Instead of influencers filming the devastating reality of their disorders with complete honesty, we see a skewed version of it. The good parts are romanticized, while the bad parts are reduced to a generic list of symptoms. These symptoms are so generic that almost anyone can find a way to relate to them, making it incredibly easy for young people to mistakenly believe they are affected by a certain disorder. 

A San Luis Obispo based therapist, who requested to remain anonymous, explains, “experiencing anxiety doesn't necessarily mean you have an anxiety disorder. I think everyone can have traits and characteristics that show up in autism, ADHD, anxiety, depression, all of us can experience a lot of these things. It's to what extent you experience it, how it affects your life, things like that are when it goes to a level of disorder or diagnosis.”

So why are so many teens choosing to self diagnose instead of seeking professional advice? For one thing, getting a diagnosis can be incredibly expensive. An evaluation costs thousands of dollars, and in California, most testing psychologists and neuropsychologists don’t accept insurance. Although this explains the trend of self diagnosing to an extent, it still doesn’t explain why so many teens are faking mental disorders.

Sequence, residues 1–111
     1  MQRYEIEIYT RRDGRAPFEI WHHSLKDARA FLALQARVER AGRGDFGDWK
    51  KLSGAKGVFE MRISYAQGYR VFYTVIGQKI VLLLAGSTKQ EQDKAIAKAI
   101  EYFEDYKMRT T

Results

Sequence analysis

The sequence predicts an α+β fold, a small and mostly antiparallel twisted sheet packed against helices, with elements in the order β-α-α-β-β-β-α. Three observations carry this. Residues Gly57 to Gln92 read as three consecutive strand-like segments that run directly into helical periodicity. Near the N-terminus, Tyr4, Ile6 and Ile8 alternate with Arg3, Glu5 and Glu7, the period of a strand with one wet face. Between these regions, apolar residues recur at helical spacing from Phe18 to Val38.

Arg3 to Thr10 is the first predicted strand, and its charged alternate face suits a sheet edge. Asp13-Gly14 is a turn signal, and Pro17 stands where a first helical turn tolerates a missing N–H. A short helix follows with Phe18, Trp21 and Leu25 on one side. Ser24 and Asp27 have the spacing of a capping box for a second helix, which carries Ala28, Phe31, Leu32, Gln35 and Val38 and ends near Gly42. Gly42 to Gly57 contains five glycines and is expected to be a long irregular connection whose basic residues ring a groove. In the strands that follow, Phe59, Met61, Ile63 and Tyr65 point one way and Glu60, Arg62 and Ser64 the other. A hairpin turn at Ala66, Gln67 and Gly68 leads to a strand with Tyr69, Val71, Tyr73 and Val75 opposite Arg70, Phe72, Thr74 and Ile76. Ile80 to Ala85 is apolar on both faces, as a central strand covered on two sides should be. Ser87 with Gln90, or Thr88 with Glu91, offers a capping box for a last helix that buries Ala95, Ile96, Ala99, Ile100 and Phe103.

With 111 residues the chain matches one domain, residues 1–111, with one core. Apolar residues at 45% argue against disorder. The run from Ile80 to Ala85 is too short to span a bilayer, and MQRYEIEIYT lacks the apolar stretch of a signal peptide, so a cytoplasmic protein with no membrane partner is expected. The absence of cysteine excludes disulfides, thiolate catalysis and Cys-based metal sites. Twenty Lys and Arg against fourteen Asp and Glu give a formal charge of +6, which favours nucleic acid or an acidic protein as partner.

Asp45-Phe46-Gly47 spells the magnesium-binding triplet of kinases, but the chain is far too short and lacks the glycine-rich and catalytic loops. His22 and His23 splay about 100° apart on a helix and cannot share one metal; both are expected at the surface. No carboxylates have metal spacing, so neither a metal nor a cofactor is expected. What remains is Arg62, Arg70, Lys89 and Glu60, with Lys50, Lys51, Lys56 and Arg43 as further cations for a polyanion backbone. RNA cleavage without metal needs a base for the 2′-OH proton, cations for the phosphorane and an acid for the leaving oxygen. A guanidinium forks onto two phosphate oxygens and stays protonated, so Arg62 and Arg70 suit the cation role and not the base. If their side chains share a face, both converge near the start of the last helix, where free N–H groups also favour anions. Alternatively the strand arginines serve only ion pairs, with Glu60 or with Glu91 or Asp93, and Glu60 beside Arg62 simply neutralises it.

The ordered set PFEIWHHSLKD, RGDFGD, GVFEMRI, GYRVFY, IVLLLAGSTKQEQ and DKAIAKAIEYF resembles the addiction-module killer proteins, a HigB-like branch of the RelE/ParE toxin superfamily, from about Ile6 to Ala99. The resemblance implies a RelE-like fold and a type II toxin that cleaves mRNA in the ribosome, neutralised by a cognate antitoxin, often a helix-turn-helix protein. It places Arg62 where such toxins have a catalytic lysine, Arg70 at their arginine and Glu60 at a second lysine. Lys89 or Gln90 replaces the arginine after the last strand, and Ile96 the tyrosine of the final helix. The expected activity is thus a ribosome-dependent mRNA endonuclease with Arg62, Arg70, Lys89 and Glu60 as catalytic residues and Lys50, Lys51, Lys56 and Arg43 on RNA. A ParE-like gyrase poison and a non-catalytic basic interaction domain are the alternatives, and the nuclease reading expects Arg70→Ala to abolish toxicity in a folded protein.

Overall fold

There has never been more pressure on any generation of teens as there is today. Gen Z is dealing with pressure to succeed academically and socially, while trying to navigate the world of social media, AI, climate anxiety, war, and political polarization. Self diagnosing a mental disorder is an easy way for a teen to lower their own expectations and those of others, and provides a shorthand way to explain themselves. It’s a way to find a community of like-minded people and a way to categorize and label complicated emotional experiences. 

“I think what everyone is looking for is ‘help explain my suffering',” says the therapist, “because being human involves suffering. So that's when we come up with these diagnoses that aren't necessarily accurate. Some of it is that the world, society, marketing, whatever it is, these other things are out in the world that sell a story that life is supposed to be good, and when it's not it means you're doing something wrong. Everyone's got a story about suffering and it doesn't mean they're doing something wrong. It's part of the human experience.”